Sunday 26 November 2023

WHO REVIEW: 60th Anniversary Special 1 - "The Star Beast"

After thirteen months, Doctor Who is back on our screens, and after almost fourteen years, Russell T. Davies has delivered a Doctor Who episode starring David Tennant and Catherine Tate. It's an odd way to launch a new era of the programme, one intended to bring in a whole new audience through the BBC and Bad Wolf's deal with Disney, by leaning so heavily on the programme's past. Yet it's also a canny move, calling back to one of Doctor Who's most popular periods, drawing back older viewers who have drifted away during the interim.

Since his final episode as the lead, The End of Time – Part Two on New Year's Day 2010, Tennant has returned before, opposite his successor Matt Smith for the fiftieth anniversary special The Day of the Doctor. That was quite a different thing though; a Doctor returning as a guest alongside the current star is a favourite way to celebrate a milestone. Ten years on, this is something new: a former lead stepping back in to star in the show once again, with the Doctor regenerating back into an old form.

It's a backward-looking step for the normally forward-moving series, and one that has previously been dismissed. (Many people called for perennial favourite Tom Baker to return to the role to revamp the series in years past, and the programme's original creator Sydney Newman even pushed for Patrick Troughton to make a one-season comeback when consulted on the series' future in the 1980s.) It's something they can only really get away with on this one occasion, for a short run marking the sixtieth anniversary.

Fortunately, Davies is too canny a writer to simply wring this for nostalgia without constructing an absorbing storyline to justify it. The Star Beast is an exciting, funny, and moving tale in itself, but also the beginning of a short arc that explores the mystery surrounding the return of the Doctor's old face and his fated reunion with Donna Noble.

Tennant, still a popular and familiar face on our screens thanks to hits such as Good Omens, Around the World in 80 Days and Staged, strides back in and takes over as the Doctor as if he'd never been away. Based on this first episode, the new Fourteenth Doctor is little different to the Tenth, displaying the same quirks and style, save for his sudden emotional honesty. He even openly admits to loving several people, something that had been anathema to him in his earlier life. Otherwise, there's little to set the two incarnations apart so far, although we have another two specials to further explore the character.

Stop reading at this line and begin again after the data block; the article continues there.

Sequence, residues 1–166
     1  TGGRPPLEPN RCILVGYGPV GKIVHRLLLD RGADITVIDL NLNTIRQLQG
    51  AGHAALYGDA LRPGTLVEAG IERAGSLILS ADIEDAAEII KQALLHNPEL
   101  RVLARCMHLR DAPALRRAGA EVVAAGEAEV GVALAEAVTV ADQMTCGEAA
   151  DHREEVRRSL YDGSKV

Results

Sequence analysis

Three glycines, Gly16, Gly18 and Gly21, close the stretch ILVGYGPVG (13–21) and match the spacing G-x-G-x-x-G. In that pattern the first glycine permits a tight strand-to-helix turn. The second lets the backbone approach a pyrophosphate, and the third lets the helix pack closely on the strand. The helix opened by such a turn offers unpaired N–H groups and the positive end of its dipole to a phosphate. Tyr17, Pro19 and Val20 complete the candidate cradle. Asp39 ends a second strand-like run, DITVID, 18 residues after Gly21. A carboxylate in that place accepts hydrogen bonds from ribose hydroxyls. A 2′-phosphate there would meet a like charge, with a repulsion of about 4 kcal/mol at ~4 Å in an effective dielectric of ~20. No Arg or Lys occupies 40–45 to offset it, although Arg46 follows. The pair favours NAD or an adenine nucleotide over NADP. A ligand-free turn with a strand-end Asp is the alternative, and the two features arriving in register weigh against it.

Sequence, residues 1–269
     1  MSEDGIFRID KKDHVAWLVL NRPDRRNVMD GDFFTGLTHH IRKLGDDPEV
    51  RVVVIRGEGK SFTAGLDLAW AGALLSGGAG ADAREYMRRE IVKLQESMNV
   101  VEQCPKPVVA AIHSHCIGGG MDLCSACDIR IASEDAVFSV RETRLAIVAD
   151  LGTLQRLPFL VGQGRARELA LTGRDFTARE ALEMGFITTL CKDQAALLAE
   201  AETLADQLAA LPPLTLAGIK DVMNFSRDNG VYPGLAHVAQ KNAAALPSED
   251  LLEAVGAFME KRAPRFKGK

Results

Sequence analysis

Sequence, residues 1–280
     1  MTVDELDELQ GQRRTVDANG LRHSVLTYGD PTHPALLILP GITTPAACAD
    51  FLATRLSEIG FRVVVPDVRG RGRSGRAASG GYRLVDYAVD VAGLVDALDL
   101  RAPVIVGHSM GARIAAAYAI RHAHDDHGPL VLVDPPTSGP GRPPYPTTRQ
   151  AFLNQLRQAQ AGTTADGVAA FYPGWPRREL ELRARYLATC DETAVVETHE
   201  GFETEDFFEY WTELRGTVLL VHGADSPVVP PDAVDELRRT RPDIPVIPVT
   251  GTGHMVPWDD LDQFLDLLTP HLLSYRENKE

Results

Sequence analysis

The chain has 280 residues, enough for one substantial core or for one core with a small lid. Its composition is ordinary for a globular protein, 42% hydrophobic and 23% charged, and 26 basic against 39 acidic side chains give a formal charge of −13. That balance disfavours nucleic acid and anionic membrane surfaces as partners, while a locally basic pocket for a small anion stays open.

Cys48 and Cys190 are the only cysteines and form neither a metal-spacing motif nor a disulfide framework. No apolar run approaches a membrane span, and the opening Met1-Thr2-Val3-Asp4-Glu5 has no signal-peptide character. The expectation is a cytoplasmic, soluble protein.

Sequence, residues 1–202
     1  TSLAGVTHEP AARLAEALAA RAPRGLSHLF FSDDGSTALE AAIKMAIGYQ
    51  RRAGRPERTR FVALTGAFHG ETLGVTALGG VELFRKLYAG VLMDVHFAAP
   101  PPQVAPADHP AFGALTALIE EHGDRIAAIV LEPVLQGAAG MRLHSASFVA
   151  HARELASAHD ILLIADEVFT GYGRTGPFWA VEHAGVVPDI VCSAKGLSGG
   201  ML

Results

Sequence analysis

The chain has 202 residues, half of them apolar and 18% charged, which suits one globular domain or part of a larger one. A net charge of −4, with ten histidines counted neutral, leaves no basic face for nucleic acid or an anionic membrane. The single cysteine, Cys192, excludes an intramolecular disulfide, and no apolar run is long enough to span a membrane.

Just as impressive is Catherine Tate as Donna, always the most real and believable of the Doctor's companions, now older and happier, but always trying to shake off a sense of profound loss. Tate's performance is moving and hilarious by turns, reminding us just how far her character has come since her first appearance in the 2006 Christmas special The Runaway Bride. Her original exit, in the otherwise overblown fourth season finale Journey's End in 2008, was heartbreaking. Naturally, it can't be expected that the audience will be familiar with or remember the story, which saw Donna become, briefly, part-Time Lord, absorbing some of the Doctor's personality and knowledge. With this threatening to burn out her mind, the Doctor was forced to wipe her memory of him, erasing everything she had learned and experienced over her travels. The episode recaps this, first rather clumsily in an in-character introduction by Tennant and Tate, and later more naturally through the story itself.

The End of Time had rather unsatisfyingly skirted the issue when it included Donna in its story. The Star Beast faces it head on, with the threat that Donna will join the dots and match up this strange man and the extraterrestrial goings-on with her suppressed memories never far away. Her death as her mind gives out seems inevitable towards the episode's climax, even though we know she's going to be in the next two. It's a testament to the writing and performances that this is sold so well.

Donna's family return as well, with the wonderful Jacqueline King (55 Degrees North, Adult Material) as Donna's mother Sylvia, and Karl Collins (The Bill, Hollyoaks) as her husband Shaun Temple, finally getting some actual character after his brief appearance in The End of Time. Most important, though, is the introduction of a new member of the family, fifteen-year-old Rose Noble, played by twenty-year-old up-and-comer Yasmin Finney (Heartstopper). Finney gives a warm, likeable and sympathetic performance as Rose, who is, unknowingly, named after the Doctor's earlier companion Rose Tyler (Billie Piper). Both Finney and Rose are transgender, and this is a major focus of the story. It would be enough for the programme to feature a trans character and explore her experiences as an end in itself. In this case, though, Davies has crafted a story where Rose's gender identity is crucial to the resolution of the plot. It culminates in one of the most unsubtle yet powerfully affirming moments in the series' history. After Chris Chibnall's controversial era as showrunner, there were really fans who thought that Davies would tone down the “wokeness” of the series. As if Davies would ever knowingly make something less woke.